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The World Endurance Championship's top-level LMP1 class is in trouble. Porsche decided to leave LMP1 after the 2017 season and Audi left it after the 2016 season. That leaves Toyota as the only manufacturer. The reason for the exodus? It costs close to F1 dollars to have a competitive team.
According to Motorsport.com, McLaren boss Zak Brown wants his company to jump back into endurance racing, at the LMP1 level.
McLaren would like to see the WEC roll back its rules to a point where factory-backed and customer teams could honestly battle it out for endurance racing victory.
The step-down LMP2 class has flourished as of late. Costs are more controlled in this class. Brown estimates that it costs $5 million to run an LMP2 car for a full season, but the LMP1 class costs 20 times more.
Brown says if the budget for an LMP1 car would be capped at about $20 million, McLaren would be interested. He would also like to include hybrid technology, which has been part of the sport for awhile now.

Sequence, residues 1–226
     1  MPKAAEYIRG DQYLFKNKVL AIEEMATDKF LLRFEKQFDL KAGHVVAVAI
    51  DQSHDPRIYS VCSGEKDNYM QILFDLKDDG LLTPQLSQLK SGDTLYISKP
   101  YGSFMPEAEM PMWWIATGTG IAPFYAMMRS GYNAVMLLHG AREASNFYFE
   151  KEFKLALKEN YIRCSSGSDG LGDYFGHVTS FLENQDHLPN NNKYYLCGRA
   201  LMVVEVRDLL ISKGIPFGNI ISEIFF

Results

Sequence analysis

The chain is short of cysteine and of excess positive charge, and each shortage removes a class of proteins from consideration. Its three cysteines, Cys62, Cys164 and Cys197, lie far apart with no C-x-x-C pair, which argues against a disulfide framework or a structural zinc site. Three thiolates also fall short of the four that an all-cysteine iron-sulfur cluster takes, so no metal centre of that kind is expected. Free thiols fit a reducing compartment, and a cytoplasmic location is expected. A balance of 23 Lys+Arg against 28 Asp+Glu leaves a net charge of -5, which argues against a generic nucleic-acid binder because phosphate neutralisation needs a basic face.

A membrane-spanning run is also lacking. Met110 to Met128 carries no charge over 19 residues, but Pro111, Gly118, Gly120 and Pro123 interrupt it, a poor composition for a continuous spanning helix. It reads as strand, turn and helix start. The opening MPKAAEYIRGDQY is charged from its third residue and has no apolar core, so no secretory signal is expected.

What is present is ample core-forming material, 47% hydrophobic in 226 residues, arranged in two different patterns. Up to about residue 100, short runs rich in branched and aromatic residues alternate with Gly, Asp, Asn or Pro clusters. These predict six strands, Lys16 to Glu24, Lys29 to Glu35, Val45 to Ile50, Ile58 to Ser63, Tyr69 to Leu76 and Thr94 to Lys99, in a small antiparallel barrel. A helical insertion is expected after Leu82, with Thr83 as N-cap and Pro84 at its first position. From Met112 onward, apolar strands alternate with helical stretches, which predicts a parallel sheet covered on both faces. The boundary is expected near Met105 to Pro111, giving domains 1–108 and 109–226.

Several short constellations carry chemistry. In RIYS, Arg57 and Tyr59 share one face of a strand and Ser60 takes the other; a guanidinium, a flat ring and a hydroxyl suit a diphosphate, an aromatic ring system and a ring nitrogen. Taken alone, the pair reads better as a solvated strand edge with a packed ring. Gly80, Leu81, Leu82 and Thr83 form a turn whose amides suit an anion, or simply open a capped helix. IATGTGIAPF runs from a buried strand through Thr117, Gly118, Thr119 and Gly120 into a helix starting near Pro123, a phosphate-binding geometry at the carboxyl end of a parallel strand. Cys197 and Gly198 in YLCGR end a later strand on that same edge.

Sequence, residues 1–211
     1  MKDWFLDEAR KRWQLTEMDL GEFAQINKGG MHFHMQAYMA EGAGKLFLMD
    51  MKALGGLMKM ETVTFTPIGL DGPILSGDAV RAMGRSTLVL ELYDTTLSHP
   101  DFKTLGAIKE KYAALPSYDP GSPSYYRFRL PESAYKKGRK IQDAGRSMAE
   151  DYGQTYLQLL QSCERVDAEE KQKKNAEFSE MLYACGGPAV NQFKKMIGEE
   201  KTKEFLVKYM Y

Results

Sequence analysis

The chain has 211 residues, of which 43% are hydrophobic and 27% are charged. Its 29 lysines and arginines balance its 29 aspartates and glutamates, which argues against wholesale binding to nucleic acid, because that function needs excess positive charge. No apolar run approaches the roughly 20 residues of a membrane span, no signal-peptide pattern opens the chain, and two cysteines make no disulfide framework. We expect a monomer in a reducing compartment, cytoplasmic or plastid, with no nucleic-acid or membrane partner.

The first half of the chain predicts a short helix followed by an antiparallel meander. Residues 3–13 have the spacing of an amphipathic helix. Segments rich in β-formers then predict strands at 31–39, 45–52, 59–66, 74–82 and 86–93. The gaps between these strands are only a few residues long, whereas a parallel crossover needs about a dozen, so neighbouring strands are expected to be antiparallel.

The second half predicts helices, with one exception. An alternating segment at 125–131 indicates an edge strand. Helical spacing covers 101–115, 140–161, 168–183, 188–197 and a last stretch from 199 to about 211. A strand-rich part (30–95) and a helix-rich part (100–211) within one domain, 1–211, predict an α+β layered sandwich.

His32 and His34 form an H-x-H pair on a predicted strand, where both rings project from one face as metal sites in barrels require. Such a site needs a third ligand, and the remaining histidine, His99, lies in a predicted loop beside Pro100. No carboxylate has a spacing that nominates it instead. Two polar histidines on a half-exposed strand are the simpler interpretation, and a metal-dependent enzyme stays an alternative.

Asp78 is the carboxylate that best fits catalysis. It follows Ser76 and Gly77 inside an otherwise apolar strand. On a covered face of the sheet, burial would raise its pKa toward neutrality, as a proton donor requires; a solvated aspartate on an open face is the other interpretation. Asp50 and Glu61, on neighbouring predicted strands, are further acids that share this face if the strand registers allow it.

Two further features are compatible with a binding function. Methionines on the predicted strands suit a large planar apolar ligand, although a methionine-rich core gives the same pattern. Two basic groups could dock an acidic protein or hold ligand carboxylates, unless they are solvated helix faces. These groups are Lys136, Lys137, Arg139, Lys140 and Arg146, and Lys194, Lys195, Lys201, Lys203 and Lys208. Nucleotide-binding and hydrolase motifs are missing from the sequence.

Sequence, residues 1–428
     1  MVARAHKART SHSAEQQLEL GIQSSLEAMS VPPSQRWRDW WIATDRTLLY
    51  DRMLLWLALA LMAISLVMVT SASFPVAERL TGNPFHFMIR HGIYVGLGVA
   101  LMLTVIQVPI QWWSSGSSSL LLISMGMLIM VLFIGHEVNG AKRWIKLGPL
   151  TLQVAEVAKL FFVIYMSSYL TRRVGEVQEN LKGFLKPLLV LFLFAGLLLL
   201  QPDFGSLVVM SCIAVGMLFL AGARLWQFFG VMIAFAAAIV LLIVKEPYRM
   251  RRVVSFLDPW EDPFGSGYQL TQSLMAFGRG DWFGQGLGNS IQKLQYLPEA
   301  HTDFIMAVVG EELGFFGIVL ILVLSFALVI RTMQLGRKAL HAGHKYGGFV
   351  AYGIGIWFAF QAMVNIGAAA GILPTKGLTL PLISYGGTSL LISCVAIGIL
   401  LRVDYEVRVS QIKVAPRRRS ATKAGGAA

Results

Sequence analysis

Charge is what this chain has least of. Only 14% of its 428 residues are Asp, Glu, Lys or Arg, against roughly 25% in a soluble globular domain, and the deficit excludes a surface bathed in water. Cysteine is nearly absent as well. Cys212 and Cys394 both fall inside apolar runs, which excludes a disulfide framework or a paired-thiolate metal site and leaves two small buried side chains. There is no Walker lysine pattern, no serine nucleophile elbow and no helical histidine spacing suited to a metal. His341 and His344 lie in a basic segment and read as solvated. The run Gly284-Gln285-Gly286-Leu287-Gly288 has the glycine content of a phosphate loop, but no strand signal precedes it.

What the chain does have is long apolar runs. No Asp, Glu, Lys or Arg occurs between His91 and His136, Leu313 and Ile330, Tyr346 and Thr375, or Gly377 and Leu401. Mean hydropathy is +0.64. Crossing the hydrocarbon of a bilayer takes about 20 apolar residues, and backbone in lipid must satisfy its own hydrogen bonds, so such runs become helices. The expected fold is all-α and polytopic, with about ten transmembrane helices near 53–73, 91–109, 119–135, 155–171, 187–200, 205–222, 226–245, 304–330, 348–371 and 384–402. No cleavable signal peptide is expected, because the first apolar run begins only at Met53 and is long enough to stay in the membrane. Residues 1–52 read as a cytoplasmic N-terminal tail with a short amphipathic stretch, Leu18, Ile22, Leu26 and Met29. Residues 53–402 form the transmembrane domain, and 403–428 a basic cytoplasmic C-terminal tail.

Brown notes that the technology of the race car should be able to transfer to the street, but there is another reason for racing: "R&D needs to be a benefit for any manufacturer in motorsports, but it's not the only reason to do it. If it's not an efficient spend, there's no point--it should be in proportion to the payback. At end of day, motor racing is a marketing exercise."
McLaren has been synonymous with Formula One for decades now. In its earlier days, however, McLaren took its vehicles to the Can-Am series and the Indy 500. Customer-owned cars competed in hill climbs, Formula events, Group C racing, and GT3 races. In fact, McLaren took one of its F1 GTRs to the 24 Hours of Le Mans, where it won the entire thing.
A return to LeMans for McLaren clearly makes sense, and WEC would be wise to heed Brown's advice.